I stated on a former occasion the reasons of Her Majesty's Government for proposing that this measure should be adopted by the House; I, for one, believing it was not at variance with any acknowledged principle adopted by the Legislature on former occasions. The hon. Baronet who commenced the debate said—and I know it is a popular, but at the same time a very superficial, objection to the plan—because the House objected to the adoption of the plan of the noble Lord the Member for Lynn, at the commencement of the Session, that it ought not to assent to the present measure. In opposing that plan, there were two grounds chiefly relied on to induce the House to reject it. The one was, that it laid before us an immediate prospect of a great expenditure, and when it was not known in what state the money market would be when this expenditure would he required; and we also thought that it would be improper, in the then state of affairs, to pledge the House to a plan by which 16,000,000l. would be required to be raised by loan. Such was the main, and, I believe, the decisive objection to the plan. Another objection relied on was, that the plan was not effective for the immediate purposes in view—namely, for affording the means of supplying food to distressed millions of Irish who had lost their sole article of subsistence. I thought those objections were sound. I then thought, and I think still, that railway employment is not the best kind of employment to afford immediate relief to a people, many of whom are aged and infirm, and all have been left without their ordinary means of obtaining food. But when I opposed the noble Lord's Motion, towards the end of the debate, I said distinctly that the object to which that proposition applied was a legitimate object; and that public works at all times had been advantageously encouraged and brought to perfection by advances of public money, and that railways might be considered among the most useful of such works. Such was the statement which I made when I opposed the Motion of the noble Lord. I contend, therefore, there was nothing in the arguments used by Her Majesty's Government—there was nothing in the decision of the House—on the very large plan proposed by the noble Lord—and to the comprehensiveness of that plan, and to the ability with which it was brought forward, I then did only justice—there was nothing, however, in that decision to preclude this House for ever from making advances to any railways. If we take the objection of the hon. Baronet the Member for Southwark to the extent to which he carries it, the case will be different; for the hon. Baronet argued, because the plan of the noble Lord the Member for Lynn was rejected at the commencement of the Session, the House never is to sanction an advance of money for the completion of railways in Ireland. A more violent conclusion, or one more at variance with practice, could not be urged. The late Chancellor of the Exchequer, referring to this subject, said, that it was the custom every year, out of the balances of public money, to make advances for the promotion of useful works. Many useful works with which I am acquainted have been completed by advances of money to the amount required, say of 40,000l., or 50,000l., or 60,000l. Many works of great public value have been undertaken and completed by such advances, and which individuals would not have been likely to have undertaken. It is also a misapprehension of the plan on the part of the hon. Baronet, to suppose the interest to be paid for those advances for Irish railways was to be 3½ per cent, and therefore very low, and under the average rate charged. The rate of interest to be charged for such advances will be 5 per cent—the usual rate for advances of this description. Therefore, so far from varying from the general principle, it is in exact conformity with the principle acted on by this House. I must admit that on this occasion we are going beyond the usual amount of advances for public works; but the question is not that which the hon. Member put to the House—shall we, or shall we not, adopt a plan which requires a larger advance than the Exchequer Loan Commissioners can advance from the amount at their disposal. I admit this to be the case, and I am prepared to make out a case of exception; but so far from this being a reason for not proceeding, I put it to the House whether the present state of Ireland does not form an exception to the rules which should generally guide us. The hon. Baronet talked of mills in England and of manufactures here; but is there anything in the state of England resembling the state of things in Ireland? You must look at the condition of Ireland as it has been made by a long-course of legislation and government. You must look at a people amounting to several millions, occupying the most miserable habitations and depending on the lowest description of food, and living on an amount of the necessaries, still less the comforts of life, much less than is usually enjoyed by English labourers. What is the cause of this state of things? Let us look back to history and see what has been done in past times, and thus trace the influence of Government on the condition of the people of this and other countries, not merely for the last twenty years, but for centuries. If we look to the condition of Tuscany, we cannot help tracing back a portion of the happy condition of the people to the rule of that flourishing republic which so long ruled there; if we look to Flanders, we may still see some of the remains of the good government of the House of Burgundy; and if we look to Gallicia, we still see many effects of the influence of the Moorish rulers on the condition of the people. In every part of Europe in which I have travelled, I think effects can be traced in the condition of the people to the acts, not of the Government existing at the moment, hut of governments and rulers long since passed away. Ireland is no exception to this rule. If we look hack at what has been the nature of the legislation for Ireland, we find that the great majority of the people of that country were debarred from all offices in the State, and from all distinctions at the bar and other professions; they were debarred even from the peaceable enjoyment of a landed estate; for any kinsman of the owner choosing to turn a villain might deprive him of it. When such was the tendency of the laws to degrade and injure them, it is not surprising that the people were reduced to the lowest condition of human life. It would be a narrow and unjust view of our duty to Ireland if we merely looked to what has been done during the last ten or twenty years, or since the Union, and then lay down such a principle as the hon. Member for Southwark laid down with such complacency, namely, that she should be left to her own resources; and as England has done well when left to herself, so would Ireland. If Ireland had been governed as England has been governed, no doubt she would be able to do well. It is not the late legislation—not the Act of 1829—that act of tardy justice, which can in a few years place Ireland in a condition to work out her own prosperity, and place her people in such a state of comfort and happiness as the English people are placed. In consequence of the state of misery, crime has increased; and in consequence of crime, capitalists have been afraid to settle there. This, I repeat, has been the result of crime; but crime has arisen from general causes, which it is the business of the Legislature to deal with; not merely find fault with outrages committed from time to time, growing out of particular circumstances, and not caused by any thing in the particular character of the people. Therefore, I say, there is abundant reason why we should do more than what first seemed called for. There is abundant reason, I think, why we should not be satisfied with what—as I admit with the hon. Baronet— the House has freely and liberally done, namely, given millions derived from the industry of other portions of the empire, to relieve the distress existing in Ireland. In what situation do we now find her? Some persons who declare they have the means of arriving at a sound conclusion on the subject, state that the potato crop of the present year will be only one-fourth, or one-fifth, or one-sixth the usual quantity; and one person, who I think is a very high authority on the subject, says that it will not amount to one-half. But whatever is the amount, there is reason to believe that a great portion of this crop will perish. The people have exerted themselves latterly in sowing a portion of their grounds which have hitherto produced potatoes with different kinds of corn, and a great portion of the corn lands have been sown with turnips, which will produce a much greater quantity of green crop than usual. But for the maintenance of the people, it should be recollected that the produce of three acres of wheat is equal only to one acre of potatoes. Will any one, looking to the condition of Ireland, not for the next six. months, but for the next five or six years, tell me that he can do so without apprehension that the sufferings of the people may be extreme? We have imposed on the land and the property of Ireland a very considerable burden. We have made them responsible, in the first instance, for the situation in which they now are; we have imposed the expense of maintaining the labourers and their families, for whose service there is no actual demand, on property in Ireland; but, looking to what is the condition of Ireland, we must by every means in our power assist in rescuing the people of Ireland from their present state; and by exertions on our part to work out a state of improvement, we must give them effectual aid in working it out for themselves. I will not go into other matters on the present occasion. But with regard to the measure before the House, I deny that there is anything at all in it either chimerical or empirical. Several years ago the Government appointed a Commission, composed of the late Lieutenant Drummond, Colonel Beaufoy, Mr. Barlow, of Woolwich, and Mr. Griffiths, to consider the whole question of railroads in Ireland, and they made a most elaborate report on the subject, and recommended most strongly the formation of a railroad from Dublin to Cork as one of the greatest importance. They examined the matter geographically, and carefully investigated all the physical conditions of the country. Captain Harness, of the Artillery, was also engaged in making inquiries as to the probable amount of traffic on such a railroad. These gentlemen made a most elaborate report, and strongly recommended a railroad from Dublin to Cork, on the ground not only of the pecuniary benefit, but also on account of the moral benefit which it would produce both to Ireland and England, and the effect it would have in cementing the union between the two countries. They gave various other reasons in favour of a railroad from Dublin to Cork; but I think the last they mention is of great importance. Cork being a naval and a mercantile station, the traffic and the numbers who will travel along the line will be considerable; and I think such a railroad is likely to be the source, not only of immediate employment—that is not what we so much look to—but of a closer connexion between England and Ireland, and of immense advantages to both countries. In considering this matter, therefore, I think we propose to take a step in the right direction towards promoting the improvement of Ireland. In the former part of the Session, we asked the House to assist in alleviating the immediate distress of Ireland; and what we shall have to consider in a future Session is, how we can raise Ireland from the condition in which bad government has placed her, so that she shall be in a condition to stand by England both in the hour of prosperity and in the hour of adversity—fully sharing our prosperity, and affording aid and support in any dangers which may threaten. I am sure that it would be taking a narrow view of the question to say that we will not grant money for this purpose, because in England such works have been completed without any such advance. To act upon such a principle would be most injurious to both parts of the empire. If we mean to act in a spirit of amity to Ireland, we must do what is calculated to carry out improvement in that country. The hon. Member for Coventry made a most extraordinary objection to this advance of money. It was that the railway, for the completion of which it was intended, was half finished. If I had asked the House for a vote for a railway which had not been begun, and when the advantages to be derived from its execution were problematical, and when the persons promoting it were not ready to advance their private capital, there would be a plain and obvious objection to the proposal; hut when the parties have already expended fifty per cent of the cost of its construction, and have finished many miles of railroad, and have found on those parts completed a very considerable traffic, I think we have a very satisfactory reason for supplying the means of finishing it to such an important place as Cork. To oppose the proposition on the ground stated by the hon. Member, was merely to oppose it right or wrong. The noble Lord opposite (Lord G. Bentinck) might say that this was not the only line of railway which should be promoted. This was a railway which was recommended to the Government as one of the great lines of Ireland; and as fifty per cent had been paid upon its capital, it was in a state for going before the Exchequer Loan Commissioners for an advance of money. This is the reason why the House should adopt this railway; and it will be for the noble Lord, or others, to show that other railways come within the condition. What the Government propose is, that a specific sum for the purpose should be taken within the present year; and this proposal is very different in its nature from that of the noble Lord. The argument of my right hon. Friend the Chancellor of the Exchequer, on this subject, has been entirely forgotten. He had said as 8,000,000l. was to be advanced for the maintenance of the people, and as another amount was to be devoted to the reclamation of the waste lands, it would be unwise to come down and ask for such a large amount as was then proposed by the noble Lord. My right hon. Friend has been asked how he is to get this 600,000l. My right hon. Friend's answer is a complete one, for he says, "I have no difficulty about this; for there is already a provision made for that amount in the expenditure of the current year—a provision which will admit of the laying out of 600,000l. for this purpose. "The answer of my right hon. Friend has all along been, that there would be no difficulty in finding money to this amount; but now the hon. Gentleman says, because my right hon. Friend has found that he has got this money, he is determined to spend it. I think I have shown in former debates on this question—as I believe I have shown now—that the object in view is good. The hon. Gentleman who spoke last objected to the measure on the ground of the state of the finances, and stated that the balance in the Exchequer had been reduced between last year and the present from nine to five millions. Now I find from a return on the Table that the balance in the Exchequer on the 5th of April, 1846, was 6,546,000l., and on the 5th of April, 1847, it amounted to 5,459,000l., being 1,087,040l. less, and not the amount stated by the hon. Member. When the question of finance is considered fairly, I conceive that we should not leave out of view the effect of the great calamity which has been experienced. If the House has resolved to advance a large amount of money for the alleviation of the existing distress in Ireland, I should have thought that it would be clear that we cannot carry on the finances of the country in the same way as in ordinary years. No financier in this House but the hon. Member for Coventry supposed that the results should be the same when the circumstances were essentially different, or would compare them at present with the results of an ordinary year. In conclusion, I trust the House will agree to the proposal as part of a general system of policy which the House should adopt in the government of Ireland, and as only an act of justice to that country.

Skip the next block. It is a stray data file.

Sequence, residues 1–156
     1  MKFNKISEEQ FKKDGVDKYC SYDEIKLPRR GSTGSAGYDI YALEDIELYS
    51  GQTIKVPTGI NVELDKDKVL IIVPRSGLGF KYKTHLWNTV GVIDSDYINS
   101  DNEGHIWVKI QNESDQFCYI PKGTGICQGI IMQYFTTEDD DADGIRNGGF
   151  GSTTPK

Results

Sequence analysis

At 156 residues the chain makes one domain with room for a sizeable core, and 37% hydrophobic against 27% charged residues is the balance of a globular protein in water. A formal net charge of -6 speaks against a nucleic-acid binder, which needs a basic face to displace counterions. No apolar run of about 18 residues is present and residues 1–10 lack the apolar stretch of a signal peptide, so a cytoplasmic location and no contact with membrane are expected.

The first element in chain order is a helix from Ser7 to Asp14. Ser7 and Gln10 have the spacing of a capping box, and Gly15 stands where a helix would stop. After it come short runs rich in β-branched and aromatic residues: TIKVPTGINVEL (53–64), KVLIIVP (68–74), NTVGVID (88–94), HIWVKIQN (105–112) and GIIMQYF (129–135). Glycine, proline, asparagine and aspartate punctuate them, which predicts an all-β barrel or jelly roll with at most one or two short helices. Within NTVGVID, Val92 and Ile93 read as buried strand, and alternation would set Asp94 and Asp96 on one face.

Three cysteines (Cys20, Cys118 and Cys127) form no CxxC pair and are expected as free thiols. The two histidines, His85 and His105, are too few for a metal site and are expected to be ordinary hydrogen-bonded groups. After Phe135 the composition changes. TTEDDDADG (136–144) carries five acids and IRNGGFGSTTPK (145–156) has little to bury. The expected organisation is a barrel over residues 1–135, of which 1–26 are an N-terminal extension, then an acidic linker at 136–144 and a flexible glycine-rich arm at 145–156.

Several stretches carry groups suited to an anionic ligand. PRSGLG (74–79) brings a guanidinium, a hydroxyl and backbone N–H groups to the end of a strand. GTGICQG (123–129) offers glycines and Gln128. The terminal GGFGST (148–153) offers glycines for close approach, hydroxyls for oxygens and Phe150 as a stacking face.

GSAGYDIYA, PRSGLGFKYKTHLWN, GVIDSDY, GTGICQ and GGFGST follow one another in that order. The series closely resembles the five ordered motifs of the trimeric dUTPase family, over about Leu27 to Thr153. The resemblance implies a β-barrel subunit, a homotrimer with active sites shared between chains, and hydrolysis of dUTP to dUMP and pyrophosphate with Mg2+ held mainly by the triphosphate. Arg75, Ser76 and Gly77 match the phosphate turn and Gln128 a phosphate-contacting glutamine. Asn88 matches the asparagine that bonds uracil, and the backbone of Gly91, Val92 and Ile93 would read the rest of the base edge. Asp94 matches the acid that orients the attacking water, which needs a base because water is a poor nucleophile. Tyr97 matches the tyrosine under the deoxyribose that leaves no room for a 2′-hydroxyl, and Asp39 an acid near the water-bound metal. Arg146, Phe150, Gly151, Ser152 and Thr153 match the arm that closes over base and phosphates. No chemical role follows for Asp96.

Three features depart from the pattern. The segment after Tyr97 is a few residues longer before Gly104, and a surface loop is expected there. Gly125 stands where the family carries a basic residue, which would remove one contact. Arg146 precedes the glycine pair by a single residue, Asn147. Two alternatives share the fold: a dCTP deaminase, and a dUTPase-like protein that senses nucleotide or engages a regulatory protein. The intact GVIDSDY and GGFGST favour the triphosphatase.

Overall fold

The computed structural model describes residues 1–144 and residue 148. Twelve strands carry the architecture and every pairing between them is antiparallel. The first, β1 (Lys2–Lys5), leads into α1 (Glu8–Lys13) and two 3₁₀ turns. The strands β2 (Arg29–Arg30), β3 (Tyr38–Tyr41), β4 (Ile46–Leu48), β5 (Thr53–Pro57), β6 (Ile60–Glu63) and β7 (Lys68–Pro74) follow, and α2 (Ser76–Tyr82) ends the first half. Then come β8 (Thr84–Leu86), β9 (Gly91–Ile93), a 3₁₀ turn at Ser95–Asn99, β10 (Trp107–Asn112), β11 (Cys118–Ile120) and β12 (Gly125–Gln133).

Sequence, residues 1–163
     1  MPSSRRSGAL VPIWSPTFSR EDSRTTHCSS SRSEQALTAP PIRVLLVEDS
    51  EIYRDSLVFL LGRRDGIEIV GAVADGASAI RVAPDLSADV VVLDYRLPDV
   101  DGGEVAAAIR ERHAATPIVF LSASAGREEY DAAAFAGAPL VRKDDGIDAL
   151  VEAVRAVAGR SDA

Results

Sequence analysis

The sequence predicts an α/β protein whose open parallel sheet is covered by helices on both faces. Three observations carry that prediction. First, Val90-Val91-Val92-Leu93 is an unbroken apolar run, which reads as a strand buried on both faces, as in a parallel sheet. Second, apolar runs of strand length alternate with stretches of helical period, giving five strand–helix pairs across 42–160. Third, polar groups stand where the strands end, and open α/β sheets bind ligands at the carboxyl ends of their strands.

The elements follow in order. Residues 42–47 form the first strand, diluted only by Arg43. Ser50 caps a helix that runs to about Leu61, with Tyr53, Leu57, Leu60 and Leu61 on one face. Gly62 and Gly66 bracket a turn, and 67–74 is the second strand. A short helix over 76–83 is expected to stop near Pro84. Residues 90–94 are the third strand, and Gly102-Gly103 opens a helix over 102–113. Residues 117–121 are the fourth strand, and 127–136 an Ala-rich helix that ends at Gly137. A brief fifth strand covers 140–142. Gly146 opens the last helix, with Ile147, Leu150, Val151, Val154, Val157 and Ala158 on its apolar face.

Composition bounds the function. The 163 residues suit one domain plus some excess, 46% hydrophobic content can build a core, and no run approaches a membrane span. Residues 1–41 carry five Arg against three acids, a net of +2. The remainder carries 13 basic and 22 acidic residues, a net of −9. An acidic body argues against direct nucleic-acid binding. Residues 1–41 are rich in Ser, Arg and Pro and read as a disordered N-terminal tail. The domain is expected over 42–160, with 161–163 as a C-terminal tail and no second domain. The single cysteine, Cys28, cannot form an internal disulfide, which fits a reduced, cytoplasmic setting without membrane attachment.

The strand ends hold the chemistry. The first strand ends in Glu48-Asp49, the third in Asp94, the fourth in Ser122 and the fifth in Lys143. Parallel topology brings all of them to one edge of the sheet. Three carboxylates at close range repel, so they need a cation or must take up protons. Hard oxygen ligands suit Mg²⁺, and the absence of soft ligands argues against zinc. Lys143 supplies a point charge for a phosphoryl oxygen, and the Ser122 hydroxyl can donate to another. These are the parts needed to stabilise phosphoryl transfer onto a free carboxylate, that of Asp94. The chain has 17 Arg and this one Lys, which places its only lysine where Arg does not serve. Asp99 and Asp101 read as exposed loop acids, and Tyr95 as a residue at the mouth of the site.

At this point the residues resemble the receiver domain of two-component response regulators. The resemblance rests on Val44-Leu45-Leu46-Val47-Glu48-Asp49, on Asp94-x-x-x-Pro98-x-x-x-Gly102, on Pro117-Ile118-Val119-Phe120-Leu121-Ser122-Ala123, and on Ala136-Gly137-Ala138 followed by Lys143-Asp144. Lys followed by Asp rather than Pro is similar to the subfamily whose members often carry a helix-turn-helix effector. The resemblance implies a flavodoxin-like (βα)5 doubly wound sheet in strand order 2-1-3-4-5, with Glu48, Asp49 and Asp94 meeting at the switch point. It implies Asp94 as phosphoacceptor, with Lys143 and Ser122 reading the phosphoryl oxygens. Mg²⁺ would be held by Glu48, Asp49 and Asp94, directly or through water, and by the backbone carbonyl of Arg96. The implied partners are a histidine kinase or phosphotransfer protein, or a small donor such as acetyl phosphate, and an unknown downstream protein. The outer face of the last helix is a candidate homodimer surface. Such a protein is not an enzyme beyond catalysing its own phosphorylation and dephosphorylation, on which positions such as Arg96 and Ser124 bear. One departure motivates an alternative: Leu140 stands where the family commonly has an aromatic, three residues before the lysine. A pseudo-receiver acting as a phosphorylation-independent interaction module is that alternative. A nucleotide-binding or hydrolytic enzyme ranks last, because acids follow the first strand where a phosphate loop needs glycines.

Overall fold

wished the House to mark well the last words of the noble Lord, namely, that this proposal was part of a general system which he was about to adopt with regard to the Government of Ireland. And how did the noble Lord lay this down? He said, in the early part of the Session, the noble Lord the Member for Lynn made a proposition for a large grant for this purpose. The noble Lord opposed the Motion, knowing, as the noble Lord did then, and now, the extent of the calamity in Ireland. The proposition was a general vote to extend over four years. The noble Lord opposed the vote on two grounds. The one was that the general state of the calamity called for the expenditure of a very large sum for the purpose of relief; and if this amount was expended on railways, it would not relieve the most destitute. The noble Lord then proposed a grant of 10,000,000l., to be expended over 1847 in the relief of destitution. The scheme of the noble Lord the Member for Lynn was, that 4,000,000l. a year should be taken for four years. The noble Lord (Lord J. Russell), he conceived, had properly opposed this proposition, and should have been consistent in his opposition to it; but the noble Lord had not been consistent. The noble Lord showed that this was not a scheme adopted for Ireland; but he comes forward and attempts to take the plan of the noble Lord the Member for Lynn as part of his general system for the government of Ireland. The people of England should understand what this meant if it rested with him. He objected to any advances being made for Irish railways. He objected to the grant of the large sum proposed; and he objected to the small sum, because it would not afford any relief to the people. The noble Lord said, consider how Ireland had been governed for centuries; consider the condition of Ireland was not a case of yesterday, but you have centuries of oppression to deal with. He objected to send capital to Ireland for such a purpose, for the state of the country had nothing to do with the formation of railways. It was not the want of railways, but the existence of the Irish Church, which was the cause of this state of things. The law did not make the people of that country equal, for the law made the Catholics serfs, and the Protestants oppressors. The noble Lord now came forward with a pitiful proposition for 600,000l. for railways, as an indication of what was meant to be done. Why was this applied for at that period of the Session? Did the idea of railways never suggest itself to the noble Lord at the early part of the Session? The noble Lord said that it did, but that he hesitated on the matter. The noble Lord now pointed to the book before him (the Report of the Commissioners on Irish Railways). Surely the noble Lord could not suppose that he could impose upon him by pointing to that book. The book merely said, that the formation of railways would be attended with commercial advantages to Ireland. No one doubted but that railways would be beneficial to any country. If they made one through New Zealand, no doubt it would be attended with beneficial results; but the question was, whether this was a legitimate mode of employing English capital. This calamity of Ireland seemed to be a sort of ball tossed from side to side, and which was made greater by being struck back from one to the other. The noble Lord formerly said, that the formation of railways would not relieve the aged and the impotent or the starving, and therefore must strike them out in the consideration of the relief to the calamity in Ireland. The noble Lord said, that there was no use in dwelling on the humanity of the people of England, and immediately asked, will you not give 600,000l. to meet this calamity? It must be remarked, that this 600,000l. was not lent to the starving population of Ireland. If it could be shown that it was about to be lent to alleviate the calamity in Ireland, he should have objected, but not on this ground. He should have protested against it on very different grounds. The noble Lord said truly, that for some time they must look to anything but years of plenty. He had no hesitation in saying that the potato crop for the present year would be a most unhappy failure. In England he had had communications with many districts; and he had reason to believe that the potato crop would be a failure; and all the spring crops in this country, but pulse, would be extremely short. Therefore, as regarded all the white crops, we must expect a short coming harvest. As for the wheat, it would not be more at best than an average crop throughout the United Kingdom; and there was nothing in the appearance of things in America to encourage much hope or expectation. In this condition, what was it that ought to govern the Ministry of this country? Ought it not to be a resolution not to waste our substance or our hopes on idle projects of railways in Ireland? Did we not know that all the stocks of food in England and in America had been consumed by the short comings of last year: that the question no longer regarded granaries loaded with grain, rendered useless by the operation of prohibitory laws in this country; but one of granaries emptied by the unexpected demand; and that all we had to depend upon now was the coming harvest of the year? So fearful a state of expectancy for this country had never before been known; and although the noble Lord was not by any means answerable for such a lamentable condition of things—although he could not be held in the smallest degree responsible for the dispensations of an Almighty Providence—yet he would be answerable for not preparing, so far as human prudence or foresight could prepare, to meet the consequences of that divine dispensation. What would the noble Lord do in his own individual case? Let it be supposed that he were about to expect a prime season so far as his individual property was concerned—that he were to have a large surplus—would he go to the railway king, and offer him his money to be used in speculation? He knew that the noble Lord did not expect any return for this money which he proposed to advance. The noble Lord the Member for Lynn, in making his proposition, had said, that all he wanted was to give employment to the people of Ireland. The hon. Member for Lincoln said the same thing. The noble Lord had opposed the proposition of the noble Lord the Member for Lynn; and now, under what possible supposition or pretence did the noble Lord come forward to ask the House for these monies? Why, he said, "You know how we have misgoverned Ireland for centuries;" and then he looked across the table at the noble Lord the Member for Lynn, and begged the House not to think that his proposition had anything to do with, or that it bore any resemblance to, that of the noble Lord. ["No, no!"] He said the Government knew the noble Lord the Member for Lynn was wrong when he brought forward his measure, and that he was wrong still. But he must tell the noble Lord, that it was an unquestionable doctrine of political economy that the people of England were the best judges of the way in which their capital should be employed. One of the reasons urged by the noble Lord for giving assistance to this particular railway was, that it was nearly finished. And the noble Lord produced a large report that had been written to show and to prove the great advantages to be derived by it, and censured the hon. Member for Coventry for having refused to sanction the giving of money to an undertaking that was in so advanced a state. Why, if it were such a flattering speculation, how came it that the directors were not able to borrow the money requisite for it in the usual market? The noble Lord knew they could not; and what then was he going to do? To tax him (Mr. Roebuck) and every Gentleman present in the House, and all the people of England, for the purpose of lending the money to certain speculators in Ireland; and whilst the people of England could get 10 per cent for their money by lending it themselves, the noble Lord was going to lend it at five. But what was the noble Lord going to do for the future with respect to Ireland? If the noble Lord could show them that he was going to establish security in Ireland for person and property, and if he could actually render life and property safe, he would have done all that a Government should do. But he was going to do more. He was not going to render life and property secure. He did not wish to misrepresent the noble Lord, and he was anxious not to he misunderstood. He was quite sure the noble Lord would do everything that lay in his power to render life and property in Ireland secure; but the noble Lord was going to try to do something else before making life and property secure. The noble Lord was going to take money from the hardworking, industrious people of England, and to use it in speculation, by way of effecting the "regeneration," as it was termed, of Ireland. A more wild or a more mischievous project never entered into the head of any Government. The noble Lord would find himself utterly and totally impotent to effect such a purpose. Let the noble Lord confine himself to the proper business of Government, and not yield to the rapacity—and he used the word advisedly—of parties at the other side of the Channel, who called upon him to help them with the proceeds of the hardworking and industrious people of England. Let him not be misunderstood. He did not want to charge the noble Lord with anything but what he was at present doing. The noble Lord's intentions were, he believed, altogether unexceptionable. But he believed he was only doing his own duty fairly and honestly when he said, the noble Lord was about to misapply the hard earnings of the industrious people of England to a mischievous project of railway speculation in Ireland. There was something, too, very peculiar in the railway that had been selected. Why had that particular railway been selected? Why, because it was nearly finished. That was the only argument which the ingenuity of the noble Lord could suggest—that he was about to help only those who had already reached the shore. He could understand the noble Lord if the noble Lord had said that his reason for making the advance was that the regular tide of capital would not flow into Ireland. But, on the contrary, the noble Lord had said, that this was an instance in which the regular tide of capital did flow; but would the noble Lord place his own money in the speculation? and if not, should they (the English people) have their money invested in the same way as that in which the hon. Member for Lincoln had invested his. That hon. Member came constantly to the Table of the House to urge them to make those advances to help speculators, who had invested their money in shares during the high tide of the railway mania, but whose shares, that once promised to be fortunes, were, now that the tide had ebbed and fallen, valueless. In such a dangerous condition of railway speculation, what was the universal and last resource? Why, the unfortunate Chancellor of the Exchequer. But although it might be very painful to the Chancellor of the Exchequer to be obliged to listen to those applications—to have them made to him, and yet be unable to respond to them in the manner he could wish, by granting their prayers—it was still a more painful consideration to the taxpayers when he did grant them; and, sympathizing as he did with the painful feeling of the Chancellor of the Exchequer in being obliged to refuse, he sympathized more deeply still with the taxpayers when the Chancellor granted, because it was they who had to pay. And for what? For the wild, the daring speculations of the hon. Member for Lincoln. He had a right to single out that hon. Gentleman, and to attack him; for he had said that he was going by these means to employ a large number of the people of Ireland. The noble Lord the Member for London had replied to the hon. Member for Lincoln, that he could not by such means employ a large number, and that he never would. But the hon. Gentleman had still pressed, and, standing at the corner of that Table, he had again urged the noble Lord to consent. He (Mr. Roebuck) could easily understand the anguish of expectancy, and the pain of being refused. But he had a sympathetic pain; he did not, and he could not, see the reason why he should be compelled to make up the loss arising from the wild speculation of any portion of Her Majesty's subjects. And if the field of the unfortunate speculation were Ireland, and that an attempt were made to enlist the sympathies of the people of England in favour of the speculation, by appeals to their charitable feelings, and by setting forth the miseries consequent upon the loss of the last potato, he felt it to be his duty to, and he would, unmask the pretence, and show the people of England that it was not the loss of the potato that had brought ruin upon the unfortunate speculators. He hoped Her Majesty's Government would reconsider this matter—that they would carefully, gradually, and seriously consider what they were about to do, and what would be the consequences of the measure they were proposing. The noble Lord had said, that it was to be but the first step in a plan, and not at all like that of the noble Lord opposite. When that noble Lord (the Member for Lynn) had said that he was going to open up the internal resources of Ireland, the noble Lord the Member for London said he could not admit the proposition. Yet he now said he thought the measure before the House a good plan; and he proposed it to begin with; and at a time when England was on the eve of very great distress, he was about to put his hand into her pocket, and to lay out her money in speculation in Ireland. If there were one thing which more than another was an incontrovertible fact, it was, that the Administration (and he begged to call the attention of the Chancellor of the Exchequer particularly to it) could never employ the capital of the people in mercantile speculation with one half the efficiency that the people themselves could. That he laid down as a perfectly incontrovertible doctrine; and he deprecated their bringing English capital into Ireland, not according to the ordinary rules of political economy (for the noble Lord had himself admitted that the present proposition was a breach of those rules), merely because of that dreadful misrule with which Ireland had been for centuries overwhelmed. It was the first time that he had heard such a doctrine and such arguments broached in the House of Commons; but it was as a first step in the new scheme that he especially opposed it. It was because he believed that the Government was impotent when it attempted to employ the money of the people for other purposes than the preservation of tranquillity and the security of property and life. The moment the Government began to be a money lender, it would begin to be a money loser; and the only expectation that any man of ordinary wisdom could have, when the Government became a merchant, would be that it must end in bankruptcy. The time was fast approaching when the Government of the country would have to render an account of its actions at the bar of public opinion. The Chancellor of the Exchequer would be expected to render an account of all his doings; and one of the most severe of all the ordeals through which he would have to pass, would be, having to explain to the mercantile community of England how it was that he, a Member of the Government, had seized upon the property of the people, and invested it in a wild speculation in the railways of Ireland, because, forsooth, Ireland had been misruled for centuries.